Why is it very rare for Nigerian startups just like their established “company” counterparts to grow or dominate beyond Nigeria? I could easily answer that we don’t generally think beyond our country, but the question is why? And how can we overcome it?

I may have stumbled upon an answer: Hiring. A conversation with a Facebook executive crystallized it for me.

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Whenever I interact with a top executive from the big 3 software companies (Facebook, Google, Microsoft) I always ask “when are you opening an engineering office in Nigeria or Africa? Because we are tired of your ‘sales office only’ approach.

I am usually given canned answers like “we will, soon” or “we have engineering only in USA“ — a lie. This was until Chris Cox broke it down to me.

Paraphrasing him:

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When we open an office in the US, we look for the best talent that can work there. That means we have a pool from the whole of the US to pick from (which is massive). Similar to when we open an engineering office in Ireland/UK — the whole of Europe is the talent pool. It would be hard to open an office where the recruiting pool is only Nigeria or Kenya.

That conversation was an ‘aha’ moment. World-class companies looking to hire people go for the best, period. Where the talent is situated is immaterial.

Nigerian startups have, in general, placed a mental border on their market and hiring of employees, which may have placed a cap on their ambition. They are building Nigerian companies rather than global companies that happen to be domiciled in Nigeria.

I don’t know why this is the case, but what I do know is that there is this mental siege I feel whenever I am in Lagos vs. London or the Bay Area. I cannot seem to understand it, but it seems once you are “in the abroad”, you see things in the context of “Africa wide” at a minimum. You see the continent as one unit that should be conquered vs. seeing at best, Nigeria when you are in Lagos.

I once said, in the US, you struggle to excel. In Nigeria, you struggle to survive.

In San Francisco, it’s heads down, planning world domination. In Lagos, it’s navigating traffic and purchasing diesel that’s top of mind.

Great benefits await local companies that think global

I think hiring outside the “Nigeria bubble” is one thing that local companies can do to jump-start thinking outside the bubble. The foreign employees join their bubble and create a bigger thought space. Diversity of thought and experience is quite important to build a formidable team — assuming you want to be the very best in a top league. Aside from the benefit of diversified thinking, broad, diversified hiring also gives companies access to new and unique talent that may not be available down the road.

I cannot help but think what would have been if Taxify started out in Nigeria. Three years later with its ~25 year old founder and 2 million+ dollars raised, it may have been planning to expand in maybe Port Harcourt vs. the real Taxify that operates in 22 cities. You might think this is theoretical but some know how much “Nigerian Ubers” have raised in trying to win Lagos ridesharing.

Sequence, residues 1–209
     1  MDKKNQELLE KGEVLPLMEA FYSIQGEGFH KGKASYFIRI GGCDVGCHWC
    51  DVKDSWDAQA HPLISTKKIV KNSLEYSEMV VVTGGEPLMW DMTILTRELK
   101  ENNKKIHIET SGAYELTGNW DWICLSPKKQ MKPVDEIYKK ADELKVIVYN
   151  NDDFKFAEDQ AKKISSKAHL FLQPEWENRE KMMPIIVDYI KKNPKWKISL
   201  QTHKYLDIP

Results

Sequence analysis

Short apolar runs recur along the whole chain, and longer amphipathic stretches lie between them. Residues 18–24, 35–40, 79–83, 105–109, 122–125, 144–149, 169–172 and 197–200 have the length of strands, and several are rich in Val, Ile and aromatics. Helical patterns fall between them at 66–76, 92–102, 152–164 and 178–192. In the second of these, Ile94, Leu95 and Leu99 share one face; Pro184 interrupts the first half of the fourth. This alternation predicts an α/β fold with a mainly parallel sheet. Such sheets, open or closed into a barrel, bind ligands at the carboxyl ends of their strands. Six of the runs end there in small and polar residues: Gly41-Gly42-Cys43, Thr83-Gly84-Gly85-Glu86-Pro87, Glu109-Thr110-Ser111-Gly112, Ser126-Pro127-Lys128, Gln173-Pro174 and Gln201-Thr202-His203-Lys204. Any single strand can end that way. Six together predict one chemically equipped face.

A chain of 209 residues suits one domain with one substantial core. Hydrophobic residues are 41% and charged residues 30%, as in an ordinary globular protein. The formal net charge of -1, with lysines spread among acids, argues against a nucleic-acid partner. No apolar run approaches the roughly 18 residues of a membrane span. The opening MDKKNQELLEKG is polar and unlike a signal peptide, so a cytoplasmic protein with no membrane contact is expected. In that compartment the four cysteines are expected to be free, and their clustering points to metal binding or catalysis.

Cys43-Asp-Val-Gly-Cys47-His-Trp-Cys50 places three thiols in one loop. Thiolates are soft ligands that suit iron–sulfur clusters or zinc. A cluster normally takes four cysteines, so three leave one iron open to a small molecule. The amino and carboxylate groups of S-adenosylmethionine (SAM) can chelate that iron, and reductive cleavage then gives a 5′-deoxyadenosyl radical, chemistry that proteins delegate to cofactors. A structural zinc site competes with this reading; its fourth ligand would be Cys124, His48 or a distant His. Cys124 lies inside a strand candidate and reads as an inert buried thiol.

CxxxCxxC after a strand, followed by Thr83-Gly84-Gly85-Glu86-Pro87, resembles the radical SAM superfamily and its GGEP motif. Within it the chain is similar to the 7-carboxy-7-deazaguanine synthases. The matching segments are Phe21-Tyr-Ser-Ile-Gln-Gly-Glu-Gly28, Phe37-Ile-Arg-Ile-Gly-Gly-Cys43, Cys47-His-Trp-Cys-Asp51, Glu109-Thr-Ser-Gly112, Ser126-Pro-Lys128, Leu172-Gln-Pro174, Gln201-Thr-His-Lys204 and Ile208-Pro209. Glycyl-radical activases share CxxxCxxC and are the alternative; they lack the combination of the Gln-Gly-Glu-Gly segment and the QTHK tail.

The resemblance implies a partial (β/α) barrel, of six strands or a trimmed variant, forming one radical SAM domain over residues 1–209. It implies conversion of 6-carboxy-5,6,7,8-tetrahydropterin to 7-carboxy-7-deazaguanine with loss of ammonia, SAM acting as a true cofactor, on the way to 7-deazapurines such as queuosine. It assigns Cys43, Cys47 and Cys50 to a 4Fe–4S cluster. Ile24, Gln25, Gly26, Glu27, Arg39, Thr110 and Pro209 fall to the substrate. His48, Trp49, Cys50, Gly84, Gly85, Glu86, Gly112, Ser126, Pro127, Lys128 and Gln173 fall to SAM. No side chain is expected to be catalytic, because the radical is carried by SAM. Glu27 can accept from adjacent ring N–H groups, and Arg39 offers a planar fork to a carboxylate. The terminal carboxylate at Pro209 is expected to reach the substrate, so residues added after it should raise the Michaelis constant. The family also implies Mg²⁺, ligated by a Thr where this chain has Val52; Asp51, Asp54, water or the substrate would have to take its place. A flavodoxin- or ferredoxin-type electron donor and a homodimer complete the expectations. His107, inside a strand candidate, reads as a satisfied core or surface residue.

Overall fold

Maybe the fact that Taxify’s founders come from Estonia, which is a country of 1.4 million people, made them realize that being an Estonian company was not a realistic option. Or maybe having Skype and TransferWise act as Northern star Estonian startups that went global motivated them to think global from day one?

Would Konga after raising almost $100 million (process that number again) still be a Nigeria only company five years from launch if it were founded in say Nigeria and London?

Nigerian & African startup founders should think globally from day one, and early hiring should reflect that

Andela and Iroko are two companies that epitomize the ‘ideal’ Nigeria-based international companies I’m theorizing about. I’ve decided not to consider Nigerian banks and service companies like Victor Asemota’s Swifta. As for Interswitch, dem be chairman. Andela and Iroko, both of which have Nigeria as a very key component of their business and office setup, “looked” international from day one.

Don’t miss our article exploring Iroko’s evolution here.

Their hiring in their early years reflected their intention. I also think the fact that one of the founders in each of the companies had strong “outside of Nigeria” networks helped them assemble a diverse team with a more international outlook. It may be that their founding and frequency of their founders being outside Nigeria inadvertently played a key role in the early international outlook, so it may be one of the rare correlations that have become causation.

I don’t think it is easy at all. Iroko CEO, Jason Njoku, alluded to that and I think it was more difficult for him because he was the “first” of our era. I doubt it would be as difficult for another company to do the same. It is why we should have conversations.

I am actually seeing progress in this “beyond Nigeria” thinking. SureGifts is operating in Nigeria and Kenya. This new batch of Ventures Platform startups has 2 non-Nigerian startups that are contributing interesting perspectives. I am also seeing it in a FinTech startup that has gone beyond the typical local hiring: they are amazed at the talent that has been so close, yet so far.

In summary, I think Nigerian (and African) startup founders should start thinking globally from day one and their hiring should reflect that from the beginning. The earlier a company does that earlier it avoids being an organization that has been purpose built for Nigeria and would find it hard to adapt when it needs to.

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By Oo Nwoye

Oo Nwoye is the founder of Fonebase Labs, a Nigerian technology company. Fonebase built Callbase to help you set up a call center in 5 minutes. Follow him on Twitter: @oothenigerian